Author Archives: Peggy Ashbrook

Sound inquiry–open exploration and direct teaching?






As early childhood educators, no matter what program we teach in or administer, we want to help children build knowledge of the world through experiences, teacher-supported investigations, and direct teaching. A conversation I had recently with a teacher made me think about how we balance direct teaching with open exploration: Teacher: So, as I thought […]

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Using museums, the community and playfulness to bring STEM concepts to life






Please welcome guest blogger, Brooke Shoemaker, who brings her museum education expertise to The Early Years blog. Brooke was a pre-k classroom educator at the Smithsonian Early Enrichment Center (SEEC) in Washington, D.C. for four years, before joining SEEC’s outreach arm, the Center for Innovation in Early Learning as the Pre-K Museum Education Specialist. You can read […]

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Looking for free resources and finding many worthy webinars and articles






It is always a thrill to meet the authors who have written the articles in Science and Children that I’ve found so helpful, and useful enough to share. At the Elementary Extravaganza event at the 2016 NSTA national conference in Nashville I met Joseph Robinson, author of “How We Know What We Know: Cultivating scientific […]

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Meeting with others about early childhood STEM education–at a conference, at the White House






The powerful learning that comes of getting together with others who are interested in the same topic can lead to action that increases opportunities for all children to engage in science and engineering explorations. Let’s not leave out using technology and mathematics since these areas of learning are so intertwined with the S and E […]

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Science with infants, toddlers and preschoolers






In the March 2016 Rocking and Rolling column in Young Children, “Sharing the Wonder Science With Infants and Toddlers,” Emily J. Adams and Rebecca Parlakian write, “For infants and toddlers, [science] is a process of exploration and discovery.” The column discusses how, through scientifc inquiry, children can develop skills across all domains of development and […]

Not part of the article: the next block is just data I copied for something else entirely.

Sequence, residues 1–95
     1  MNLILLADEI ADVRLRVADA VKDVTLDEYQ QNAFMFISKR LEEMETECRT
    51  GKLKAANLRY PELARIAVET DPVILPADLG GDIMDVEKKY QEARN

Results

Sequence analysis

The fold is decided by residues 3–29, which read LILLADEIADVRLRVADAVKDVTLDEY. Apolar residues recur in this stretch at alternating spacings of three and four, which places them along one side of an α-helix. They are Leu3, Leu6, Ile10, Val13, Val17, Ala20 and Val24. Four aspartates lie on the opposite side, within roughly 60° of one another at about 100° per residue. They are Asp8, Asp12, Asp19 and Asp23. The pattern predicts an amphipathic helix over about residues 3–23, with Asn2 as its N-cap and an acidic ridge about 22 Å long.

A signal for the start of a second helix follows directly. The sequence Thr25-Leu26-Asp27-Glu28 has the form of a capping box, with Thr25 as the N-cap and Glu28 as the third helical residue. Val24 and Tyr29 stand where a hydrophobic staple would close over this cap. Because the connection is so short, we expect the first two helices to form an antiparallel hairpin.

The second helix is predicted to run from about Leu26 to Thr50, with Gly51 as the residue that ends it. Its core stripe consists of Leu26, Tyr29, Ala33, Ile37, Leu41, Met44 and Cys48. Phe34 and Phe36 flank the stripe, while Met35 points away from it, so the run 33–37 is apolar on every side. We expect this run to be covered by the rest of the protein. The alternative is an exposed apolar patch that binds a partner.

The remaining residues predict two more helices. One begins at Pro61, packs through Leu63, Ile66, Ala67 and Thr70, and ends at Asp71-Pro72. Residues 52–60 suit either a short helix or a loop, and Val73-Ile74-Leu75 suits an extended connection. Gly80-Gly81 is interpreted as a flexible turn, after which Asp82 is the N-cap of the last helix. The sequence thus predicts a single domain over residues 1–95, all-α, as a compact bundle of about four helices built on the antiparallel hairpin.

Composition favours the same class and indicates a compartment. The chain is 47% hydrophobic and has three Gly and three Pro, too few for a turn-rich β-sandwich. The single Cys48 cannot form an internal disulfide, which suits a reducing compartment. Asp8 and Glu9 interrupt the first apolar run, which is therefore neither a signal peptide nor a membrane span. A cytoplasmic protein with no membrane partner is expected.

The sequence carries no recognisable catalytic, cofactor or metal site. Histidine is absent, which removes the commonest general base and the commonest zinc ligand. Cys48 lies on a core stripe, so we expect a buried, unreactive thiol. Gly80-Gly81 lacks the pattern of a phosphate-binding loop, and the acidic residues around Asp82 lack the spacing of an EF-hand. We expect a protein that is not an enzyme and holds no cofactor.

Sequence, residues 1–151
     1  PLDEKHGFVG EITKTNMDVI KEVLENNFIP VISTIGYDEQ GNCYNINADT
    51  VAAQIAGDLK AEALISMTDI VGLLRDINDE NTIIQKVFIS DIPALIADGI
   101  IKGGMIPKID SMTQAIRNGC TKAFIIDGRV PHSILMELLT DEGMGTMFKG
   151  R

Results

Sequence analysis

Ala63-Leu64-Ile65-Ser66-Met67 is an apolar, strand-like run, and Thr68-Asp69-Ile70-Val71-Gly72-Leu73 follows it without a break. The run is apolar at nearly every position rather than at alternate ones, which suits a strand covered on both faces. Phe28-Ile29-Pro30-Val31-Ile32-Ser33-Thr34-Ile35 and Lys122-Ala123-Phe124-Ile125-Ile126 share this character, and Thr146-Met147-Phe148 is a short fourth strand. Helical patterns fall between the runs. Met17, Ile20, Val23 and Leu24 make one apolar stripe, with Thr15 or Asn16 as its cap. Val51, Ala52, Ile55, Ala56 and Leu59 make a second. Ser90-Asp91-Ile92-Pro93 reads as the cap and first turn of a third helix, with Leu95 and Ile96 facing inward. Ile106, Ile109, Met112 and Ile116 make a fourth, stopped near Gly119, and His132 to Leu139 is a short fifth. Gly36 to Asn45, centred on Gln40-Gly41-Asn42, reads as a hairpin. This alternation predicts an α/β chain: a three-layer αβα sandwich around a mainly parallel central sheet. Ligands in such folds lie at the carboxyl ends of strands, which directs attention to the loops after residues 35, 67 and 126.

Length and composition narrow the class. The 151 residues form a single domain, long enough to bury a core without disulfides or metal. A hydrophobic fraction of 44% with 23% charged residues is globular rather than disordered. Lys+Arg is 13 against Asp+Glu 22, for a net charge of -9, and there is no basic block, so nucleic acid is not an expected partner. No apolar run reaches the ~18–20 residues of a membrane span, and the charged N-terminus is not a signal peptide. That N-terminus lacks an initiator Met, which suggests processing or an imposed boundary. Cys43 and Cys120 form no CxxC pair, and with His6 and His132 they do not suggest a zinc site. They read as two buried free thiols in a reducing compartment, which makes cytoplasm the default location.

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Early Childhood at the NSTA 2016 national conference: Elementary Extravaganza and more!






When I search any conference schedule to choose sessions to attend I am always suspicious of those that are listed as for PreK-12. I am delighted that the NSTA 2016 national conference coming up next week in Nashville has many sessions focused on early childhood years, preschool through grade 2. I will have to make […]

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Are children wondering about dirt (soil)?






When children work with soil (or dirt as they most often call it), they rarely question where it comes from. Soil, sky, water…they just are. But when they view soil as one component of a garden, one part of the system for growing plants, they may gain enough experience with it to begin classifying it […]

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Gardening: with limitations and some success

children transplanting pea plants






When the preschool moved, the new location presented many obstacles to gardening with children: Sloping ground. Mature trees shading much of the area. English ivy covered portions of the available area. The play area had not yet been constructed so the choice of “where” could not be made. I turned to the resources of the […]

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Reading aloud, asking questions and engaging in discussion






“Do you remember Moomintroll?” my sister asked me recently. Moomintroll, a beloved Finnish character from the works of artist and author Tove Jansson, was introduced to us in an unusual picture book sent to our family by our aunt Kitty. The Book about Moomin, Mymble and Little My had a differently shaped hole cut in each […]

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Beetles before butterflies






To prepare children to be close observers of the small animals that will be more easily seen in spring, I bring a container-habitat of beetles into the classroom during winter months. These Tenebrio beetles and larvae (widely known as “mealworms” although they are not worms) will live in the container, not colonize your classroom. Beetles […]

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